Memo to Mrs. MaloneJuly 23, 2010 | Access and use are subject to your User Service Agreement.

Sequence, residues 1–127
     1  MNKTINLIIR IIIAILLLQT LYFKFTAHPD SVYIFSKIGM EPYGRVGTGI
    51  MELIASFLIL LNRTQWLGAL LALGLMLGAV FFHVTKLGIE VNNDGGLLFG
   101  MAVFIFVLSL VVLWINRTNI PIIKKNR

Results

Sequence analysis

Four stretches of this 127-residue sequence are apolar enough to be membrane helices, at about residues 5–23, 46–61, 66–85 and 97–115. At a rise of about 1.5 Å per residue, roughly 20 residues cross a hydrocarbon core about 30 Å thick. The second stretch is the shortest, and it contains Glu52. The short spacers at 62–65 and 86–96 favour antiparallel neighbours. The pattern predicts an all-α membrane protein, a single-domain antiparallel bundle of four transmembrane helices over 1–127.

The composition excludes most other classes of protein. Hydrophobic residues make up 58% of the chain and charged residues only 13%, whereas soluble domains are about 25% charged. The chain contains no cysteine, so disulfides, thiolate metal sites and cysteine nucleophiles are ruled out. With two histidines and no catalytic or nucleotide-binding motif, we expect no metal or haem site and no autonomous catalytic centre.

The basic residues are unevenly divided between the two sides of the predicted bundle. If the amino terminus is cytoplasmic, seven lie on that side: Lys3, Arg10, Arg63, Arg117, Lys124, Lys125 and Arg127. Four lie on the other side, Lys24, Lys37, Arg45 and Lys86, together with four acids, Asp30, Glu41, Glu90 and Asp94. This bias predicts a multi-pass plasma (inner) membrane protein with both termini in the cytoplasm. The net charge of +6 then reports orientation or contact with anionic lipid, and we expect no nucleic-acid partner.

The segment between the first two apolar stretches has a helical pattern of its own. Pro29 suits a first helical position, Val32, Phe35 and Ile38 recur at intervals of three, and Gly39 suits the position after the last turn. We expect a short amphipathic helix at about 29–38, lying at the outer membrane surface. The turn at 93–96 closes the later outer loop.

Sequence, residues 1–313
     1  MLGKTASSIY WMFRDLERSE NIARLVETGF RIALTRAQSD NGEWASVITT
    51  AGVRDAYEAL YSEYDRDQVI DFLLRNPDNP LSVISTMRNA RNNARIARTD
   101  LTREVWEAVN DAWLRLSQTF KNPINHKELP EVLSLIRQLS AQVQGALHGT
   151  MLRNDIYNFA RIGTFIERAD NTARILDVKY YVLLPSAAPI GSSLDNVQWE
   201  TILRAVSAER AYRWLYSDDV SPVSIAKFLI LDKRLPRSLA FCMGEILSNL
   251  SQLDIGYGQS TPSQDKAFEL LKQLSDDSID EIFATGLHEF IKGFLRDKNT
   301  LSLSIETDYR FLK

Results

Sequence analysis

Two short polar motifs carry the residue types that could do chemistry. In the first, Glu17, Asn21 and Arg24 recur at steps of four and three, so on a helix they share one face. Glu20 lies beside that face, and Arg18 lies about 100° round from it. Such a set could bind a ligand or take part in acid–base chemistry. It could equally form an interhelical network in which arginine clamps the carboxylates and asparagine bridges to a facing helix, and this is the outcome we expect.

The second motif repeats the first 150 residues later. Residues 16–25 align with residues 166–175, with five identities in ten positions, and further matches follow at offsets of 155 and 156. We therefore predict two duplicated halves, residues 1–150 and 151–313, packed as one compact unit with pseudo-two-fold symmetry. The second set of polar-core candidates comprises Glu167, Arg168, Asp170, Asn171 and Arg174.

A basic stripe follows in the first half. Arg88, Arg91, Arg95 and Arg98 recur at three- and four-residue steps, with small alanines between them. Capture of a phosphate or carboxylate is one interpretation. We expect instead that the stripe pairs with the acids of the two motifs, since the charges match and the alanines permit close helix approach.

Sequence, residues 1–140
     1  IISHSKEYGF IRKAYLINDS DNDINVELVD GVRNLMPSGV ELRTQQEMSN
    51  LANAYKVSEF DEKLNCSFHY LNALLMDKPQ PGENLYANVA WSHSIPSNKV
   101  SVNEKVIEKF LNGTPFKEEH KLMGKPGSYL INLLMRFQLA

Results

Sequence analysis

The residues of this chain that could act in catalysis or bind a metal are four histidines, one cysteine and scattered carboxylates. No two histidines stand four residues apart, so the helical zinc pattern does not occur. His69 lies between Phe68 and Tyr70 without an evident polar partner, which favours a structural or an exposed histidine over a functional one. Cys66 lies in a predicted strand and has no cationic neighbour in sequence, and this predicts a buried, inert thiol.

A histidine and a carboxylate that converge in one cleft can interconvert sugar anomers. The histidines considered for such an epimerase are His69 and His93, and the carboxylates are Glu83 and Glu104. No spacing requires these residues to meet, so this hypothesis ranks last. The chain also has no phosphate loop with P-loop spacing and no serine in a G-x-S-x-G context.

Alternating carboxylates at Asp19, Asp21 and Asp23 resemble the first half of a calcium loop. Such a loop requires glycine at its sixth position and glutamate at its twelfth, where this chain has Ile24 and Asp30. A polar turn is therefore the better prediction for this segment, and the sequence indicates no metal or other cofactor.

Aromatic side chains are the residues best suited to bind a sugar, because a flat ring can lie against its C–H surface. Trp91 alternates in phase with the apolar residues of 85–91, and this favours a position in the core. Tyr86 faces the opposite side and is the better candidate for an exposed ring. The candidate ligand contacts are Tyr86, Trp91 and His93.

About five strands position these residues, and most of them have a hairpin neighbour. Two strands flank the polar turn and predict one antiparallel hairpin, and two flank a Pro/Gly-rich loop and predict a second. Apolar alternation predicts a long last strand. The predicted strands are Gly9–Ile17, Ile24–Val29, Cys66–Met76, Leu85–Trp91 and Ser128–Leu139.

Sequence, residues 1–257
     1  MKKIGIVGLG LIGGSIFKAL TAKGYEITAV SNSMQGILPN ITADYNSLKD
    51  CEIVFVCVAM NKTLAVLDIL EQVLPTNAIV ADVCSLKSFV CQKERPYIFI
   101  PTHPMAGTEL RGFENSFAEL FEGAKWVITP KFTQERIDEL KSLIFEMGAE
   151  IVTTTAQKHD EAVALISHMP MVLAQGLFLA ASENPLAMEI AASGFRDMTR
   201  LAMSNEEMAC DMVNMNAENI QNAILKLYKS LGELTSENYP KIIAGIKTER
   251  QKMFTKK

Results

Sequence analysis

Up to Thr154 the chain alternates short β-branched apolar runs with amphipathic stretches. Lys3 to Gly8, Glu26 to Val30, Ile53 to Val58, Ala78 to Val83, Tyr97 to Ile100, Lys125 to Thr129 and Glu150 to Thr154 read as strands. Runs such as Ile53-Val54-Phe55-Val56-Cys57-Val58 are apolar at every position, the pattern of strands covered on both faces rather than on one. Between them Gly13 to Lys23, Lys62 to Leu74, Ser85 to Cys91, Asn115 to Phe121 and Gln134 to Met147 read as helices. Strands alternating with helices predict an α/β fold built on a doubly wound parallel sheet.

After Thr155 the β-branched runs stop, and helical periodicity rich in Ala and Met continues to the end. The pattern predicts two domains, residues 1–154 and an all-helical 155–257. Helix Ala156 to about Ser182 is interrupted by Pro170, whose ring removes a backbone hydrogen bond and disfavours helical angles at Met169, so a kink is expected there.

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Memo to Mrs. Malone The chairman of Liberty Media, John Malone, let it drop in a July 12 interview with The Wall Street Journal that his wife had moved her cash to Canada and Australia and that he himself was none too happy with the drift of things in the United States. "Canada," said Malone, "has a lot more fiscal and bank responsibility than most places in the world and lots of natural resources." Should worse come to worse in America, he added, his wife and he could slip across the border from Maine to Quebec without necessarily introducing themselves to the customs or immigration authorities on the way. "We own 18 miles on the border, so we can cross. . . . Actually, our snowmobile trail goes right on the border." That the Malones might, after all, choose to stay home with their money is the thesis of this unfolding essay. House prices are, or have been, almost bubbly north of the 49th parallel, and Canadian mortgage finance has evolved into something almost American. North, south, east or west, ultra-low interest rates distort asset prices and seduce otherwise prudent people, even the safe-and-sane Canadians. Maybe the place to deposit one's cash is a country in which a housing bubble has already popped, rather than one--Canada, for instance--in which it is just beginning to deflate. Unusually in the so-called developed world, the Canadian residential real estate market put in a strong showing in 2009. At the March 2010 reading, prices ...
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